1995 BMW M3 Lightweight

1995 BMW M3 Lightweight

For some time, critics have claimed that the E36 chassis was just too prolific and not special enough to be considered by collectors. They weren’t built well enough, they didn’t have the pedigree of the E30 or the power of the E46, and since you could buy one on your local Craigslist for $5,000 (less, sometimes!), why the hell would you pay a premium for one?

It’s been about a year and a half since we last looked at a M3 Lightweight. The ask was $90,000 on a model with below 30,000 miles, and it was no surprise that for many that ask was far too strong, though I suggested opportunities like that weren’t going to come along every day. In that time, we’ve seen some big numbers start to roll in for special E36 variants, like the $65,000 Canadian Edition M3. But all expectations on the E36 market, and especially those on the Lightweight model, were thrown out the window this past March when a lower mile, all original example came up for auction at Amelia Island.

The price? After hot bidding and when the hammer finally fell, it hit $145,750. I was astounded, even though for years I’d been claiming these cars would increase in value in the not too distant future. What does that number mean for the rest of the run?

CLICK FOR DETAILS: 1995 BMW M3 Lightweight on eBay

1994 BMW 750iL with 19,000 Miles

1994 BMW 750iL with 19,000 Miles

There’s something completely captivating about a time capsule car. It makes you wonder: why didn’t anyone drive it? Where has it been sitting all these years? And it’s especially compelling to find a time capsule example of a model that you don’t see on the roads anymore. The E32 generation 7-series is such a car: very few of these are left, with most having been retired to the junk yard. Unlike Mercedes-Benz cars from the same era, they just weren’t really built to last. Which is a shame: the E32 is a big old bruiser, with classic boxy styling based upon traditional BMW design language, with angular kidneys and four round headlights. The 750iL was the plutocratic range topper, powered by a 5.0 liter, V12 motor.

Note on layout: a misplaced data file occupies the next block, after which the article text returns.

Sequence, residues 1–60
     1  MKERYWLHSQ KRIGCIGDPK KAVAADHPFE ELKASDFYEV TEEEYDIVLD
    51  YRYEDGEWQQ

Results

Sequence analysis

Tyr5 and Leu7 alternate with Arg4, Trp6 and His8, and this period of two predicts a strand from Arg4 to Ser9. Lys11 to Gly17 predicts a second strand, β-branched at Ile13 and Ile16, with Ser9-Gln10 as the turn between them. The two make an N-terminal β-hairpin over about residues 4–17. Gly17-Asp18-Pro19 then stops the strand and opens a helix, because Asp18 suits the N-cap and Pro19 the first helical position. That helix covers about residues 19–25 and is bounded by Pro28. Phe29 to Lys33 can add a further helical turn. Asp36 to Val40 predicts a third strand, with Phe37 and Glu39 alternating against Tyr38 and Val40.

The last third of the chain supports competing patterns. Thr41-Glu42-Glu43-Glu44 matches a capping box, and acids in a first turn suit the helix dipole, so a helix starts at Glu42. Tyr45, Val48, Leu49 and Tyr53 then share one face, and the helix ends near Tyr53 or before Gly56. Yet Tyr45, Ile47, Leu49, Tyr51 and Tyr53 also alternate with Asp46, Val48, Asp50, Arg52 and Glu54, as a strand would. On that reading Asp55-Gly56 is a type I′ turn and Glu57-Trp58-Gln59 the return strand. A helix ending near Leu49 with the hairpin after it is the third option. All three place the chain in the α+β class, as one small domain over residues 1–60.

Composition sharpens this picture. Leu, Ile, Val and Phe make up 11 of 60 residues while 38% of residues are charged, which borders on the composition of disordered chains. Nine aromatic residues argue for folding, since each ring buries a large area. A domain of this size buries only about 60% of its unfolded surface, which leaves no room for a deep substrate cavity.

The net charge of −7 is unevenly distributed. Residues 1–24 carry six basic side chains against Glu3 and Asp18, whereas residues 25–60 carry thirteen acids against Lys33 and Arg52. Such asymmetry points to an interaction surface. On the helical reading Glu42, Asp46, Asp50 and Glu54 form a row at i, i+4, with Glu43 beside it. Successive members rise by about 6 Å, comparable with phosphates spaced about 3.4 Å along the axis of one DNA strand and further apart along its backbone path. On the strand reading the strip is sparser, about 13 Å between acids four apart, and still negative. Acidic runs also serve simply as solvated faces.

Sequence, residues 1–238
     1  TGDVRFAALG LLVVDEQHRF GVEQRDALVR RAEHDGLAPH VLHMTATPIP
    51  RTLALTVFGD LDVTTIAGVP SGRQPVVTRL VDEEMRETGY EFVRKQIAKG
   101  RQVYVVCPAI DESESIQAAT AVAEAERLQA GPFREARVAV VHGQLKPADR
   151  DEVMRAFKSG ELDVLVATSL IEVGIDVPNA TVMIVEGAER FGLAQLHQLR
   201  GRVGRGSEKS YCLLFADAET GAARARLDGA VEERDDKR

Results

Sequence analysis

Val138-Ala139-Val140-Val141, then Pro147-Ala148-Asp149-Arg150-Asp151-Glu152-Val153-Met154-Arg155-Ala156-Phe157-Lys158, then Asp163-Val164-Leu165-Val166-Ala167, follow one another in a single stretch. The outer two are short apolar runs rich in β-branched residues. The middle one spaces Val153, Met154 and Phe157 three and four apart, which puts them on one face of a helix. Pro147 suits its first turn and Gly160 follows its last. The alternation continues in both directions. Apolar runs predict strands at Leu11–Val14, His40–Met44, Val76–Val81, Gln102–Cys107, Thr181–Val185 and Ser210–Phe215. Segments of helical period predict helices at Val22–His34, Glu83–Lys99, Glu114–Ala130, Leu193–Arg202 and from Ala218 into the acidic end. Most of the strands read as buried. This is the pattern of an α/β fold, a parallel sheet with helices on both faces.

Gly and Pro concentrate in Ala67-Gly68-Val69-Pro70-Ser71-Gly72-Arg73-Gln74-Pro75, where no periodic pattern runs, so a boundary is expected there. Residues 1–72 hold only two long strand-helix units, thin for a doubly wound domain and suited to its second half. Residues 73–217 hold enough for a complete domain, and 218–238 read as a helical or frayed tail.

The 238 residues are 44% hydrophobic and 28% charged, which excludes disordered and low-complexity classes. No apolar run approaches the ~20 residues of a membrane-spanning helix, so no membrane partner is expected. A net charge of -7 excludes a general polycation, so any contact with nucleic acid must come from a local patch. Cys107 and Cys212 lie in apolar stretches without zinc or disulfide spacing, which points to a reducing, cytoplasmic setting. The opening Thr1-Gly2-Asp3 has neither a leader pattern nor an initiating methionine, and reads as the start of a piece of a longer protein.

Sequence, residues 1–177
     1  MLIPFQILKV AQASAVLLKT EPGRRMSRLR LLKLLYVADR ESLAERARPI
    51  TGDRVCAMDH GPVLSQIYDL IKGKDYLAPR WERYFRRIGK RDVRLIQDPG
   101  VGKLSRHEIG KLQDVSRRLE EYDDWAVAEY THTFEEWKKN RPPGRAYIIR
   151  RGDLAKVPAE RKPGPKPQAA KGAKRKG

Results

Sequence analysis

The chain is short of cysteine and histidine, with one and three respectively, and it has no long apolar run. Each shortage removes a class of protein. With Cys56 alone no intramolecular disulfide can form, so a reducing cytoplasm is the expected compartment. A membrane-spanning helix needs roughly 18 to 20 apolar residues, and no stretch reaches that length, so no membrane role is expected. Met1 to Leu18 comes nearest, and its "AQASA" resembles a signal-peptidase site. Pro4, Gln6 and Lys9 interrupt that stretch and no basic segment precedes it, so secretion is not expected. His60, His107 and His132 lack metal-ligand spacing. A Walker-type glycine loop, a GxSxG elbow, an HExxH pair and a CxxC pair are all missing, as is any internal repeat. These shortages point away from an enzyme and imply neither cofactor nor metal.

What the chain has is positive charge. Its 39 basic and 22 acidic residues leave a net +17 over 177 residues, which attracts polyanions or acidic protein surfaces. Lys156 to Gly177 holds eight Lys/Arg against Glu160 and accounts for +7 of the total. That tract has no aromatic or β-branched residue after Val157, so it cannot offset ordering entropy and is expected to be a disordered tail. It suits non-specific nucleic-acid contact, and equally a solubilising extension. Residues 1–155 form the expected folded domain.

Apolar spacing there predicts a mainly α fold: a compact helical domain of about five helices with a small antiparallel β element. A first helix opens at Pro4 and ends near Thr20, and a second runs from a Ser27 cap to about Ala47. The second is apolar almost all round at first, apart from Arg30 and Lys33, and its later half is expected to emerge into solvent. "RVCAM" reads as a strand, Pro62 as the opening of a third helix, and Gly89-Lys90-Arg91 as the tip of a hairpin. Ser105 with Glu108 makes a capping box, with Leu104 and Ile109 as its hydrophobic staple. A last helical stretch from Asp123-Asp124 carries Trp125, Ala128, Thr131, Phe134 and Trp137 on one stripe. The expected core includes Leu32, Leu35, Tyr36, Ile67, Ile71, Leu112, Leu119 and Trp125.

CLICK FOR DETAILS: 1994 BMW 750iL on eBay

2013 BMW 135iS

2013 BMW 135iS

I don’t usually post newer cars, preferring to write about 80s and 90s machinery instead. That’s because I think many new cars are bloated in looks and overburdened with technologies that blunt the driving experience. But there are a few modern cars for which I’m willing to make an exception, like the E82 135iS. Offered in the US for the 2013 model year only (to make up for the absence of the recently departed, limited edition 1M coupe), the “iS” package added M-sport suspension and bumpers to the 135i, while a tune to the 3.0 liter N55 twin-turbo engine bumped power output to 320 hp (an increase of 20 hp over the standard car). Though some find the E82 a bit stubby, I love the look of the car, with its short wheelbase and squat, compact styling, while the hydraulic steering setup offers a relatively old school, connected driving experience. Sure, it’s not quite the unadulterated formula of BMWs of yore (6 naturally-aspirated cylinders, 5 speeds, 3 pedals) but it comes pretty close, and I think the E82 is a closer spiritual successor to the E30 than any contemporary 3-series.

CLICK FOR DETAILS: 2013 BMW 135iS on eBay